FIG. 4 depicts an illustrative block diagram of an interior space of a vehicle 400 accessible at least to a driver of the vehicle in accordance with aspects of this disclosure. Within the interior space of the vehicle, the driver, or other occupant, may have access to one or more of a steering wheel 410, a user interface device 420 associated with the vehicle, one or more input devices 430 (e.g., a button, a knob, a touch screen interface, etc.) associated with the user interface device 420, a personal computing device 440 (e.g., the smart phone 220 a, tablet 220 c, laptop 220 c, the personal navigation device 110 b, etc.). In some cases, the personal computing device 440 may be placed in a location accessible to the driver. The personal computing device 440 may be physically mounted or otherwise secured to a surface within interior space of the vehicle. In some cases, the personal computing device 440 may not be secured to the interior of the vehicle, but located on a surface or within a cavity provided on an interior surface of the vehicle. For example, the personal computing device 440 may be placed on a table or console, or placed within a cup holder or the like. The personal computing device 440 may include one or more input devices (e.g., a physical button, a button implemented on a touch screen display 445, a microphone 447, or the like. In some cases, an affixed input device 450 may be provided and accessible to a driver or other occupant of the vehicle 210. For example, the input device may comprise a button affixed to the steering wheel or other surface readily (and safely) accessible to the driver while in motion. In other cases, the input device 450 may comprise a microphone capable of receiving an audio input from the user that may be indicative of a subjective risk event. The input device 450 may also comprise one or more sensors capable of producing a signal representative of the driver's comfort level (e.g., level of unease) while driving. Such input devices may include pressure sensors (e.g., near a grip area of the steering wheel 410), heartrate sensors respiration sensors, cameras, and/or the like.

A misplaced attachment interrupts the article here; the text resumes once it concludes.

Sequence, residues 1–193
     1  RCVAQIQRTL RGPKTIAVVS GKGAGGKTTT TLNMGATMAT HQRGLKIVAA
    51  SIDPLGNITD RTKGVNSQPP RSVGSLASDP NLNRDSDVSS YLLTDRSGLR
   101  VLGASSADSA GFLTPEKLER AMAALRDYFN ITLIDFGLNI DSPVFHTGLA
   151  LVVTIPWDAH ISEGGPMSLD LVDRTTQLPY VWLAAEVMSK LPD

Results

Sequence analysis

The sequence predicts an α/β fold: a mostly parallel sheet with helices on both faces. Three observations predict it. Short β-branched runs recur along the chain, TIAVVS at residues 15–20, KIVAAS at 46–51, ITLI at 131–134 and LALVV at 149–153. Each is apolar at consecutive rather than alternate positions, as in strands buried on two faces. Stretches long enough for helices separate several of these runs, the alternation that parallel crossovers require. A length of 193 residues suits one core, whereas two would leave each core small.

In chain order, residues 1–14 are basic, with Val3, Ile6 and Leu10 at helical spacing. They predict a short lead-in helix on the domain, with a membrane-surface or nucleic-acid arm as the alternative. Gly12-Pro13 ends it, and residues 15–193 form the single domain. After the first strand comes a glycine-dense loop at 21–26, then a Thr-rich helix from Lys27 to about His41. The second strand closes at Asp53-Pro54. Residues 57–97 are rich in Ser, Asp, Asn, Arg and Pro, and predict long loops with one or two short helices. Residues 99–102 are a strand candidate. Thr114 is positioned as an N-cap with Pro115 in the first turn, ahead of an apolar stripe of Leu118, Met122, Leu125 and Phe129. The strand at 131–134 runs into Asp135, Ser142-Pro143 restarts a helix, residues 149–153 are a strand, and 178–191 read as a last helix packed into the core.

In some cases, the input device 450 may be installed by a vehicle manufacturer and be permanently affixed to a surface of the vehicle interior. In other cases, the input device 450 may be installed as an after-market device. In either case, the input device may be communicatively coupled to a communication device (not shown) that may be configured to communicate the subjective risk information to one of the user device 450, such as by using Bluetooth, or other local wireless or wired communication protocol. In other cases, the input device may be configured to communicate subjective risk information via a cellular network directly to the subjective risk analysis system 250. In some cases, one or more sensors may be used (e.g., biometric sensors, pressure sensors, microphones, etc.) may be used to generate a signal representative of a driver's feeling of unease, without the driver consciously providing the information. For example, one or more biometric sensors may be used to sense an increase in a heart rate, breathing rate, and/or the like. In other cases, a pressure sensor may be embedded within the steering wheel of the vehicle and configured for sensing a grip pressure (e.g., an ongoing pressure). Such examples illustrative and are not to limit the sensor type or location to the enumerated examples.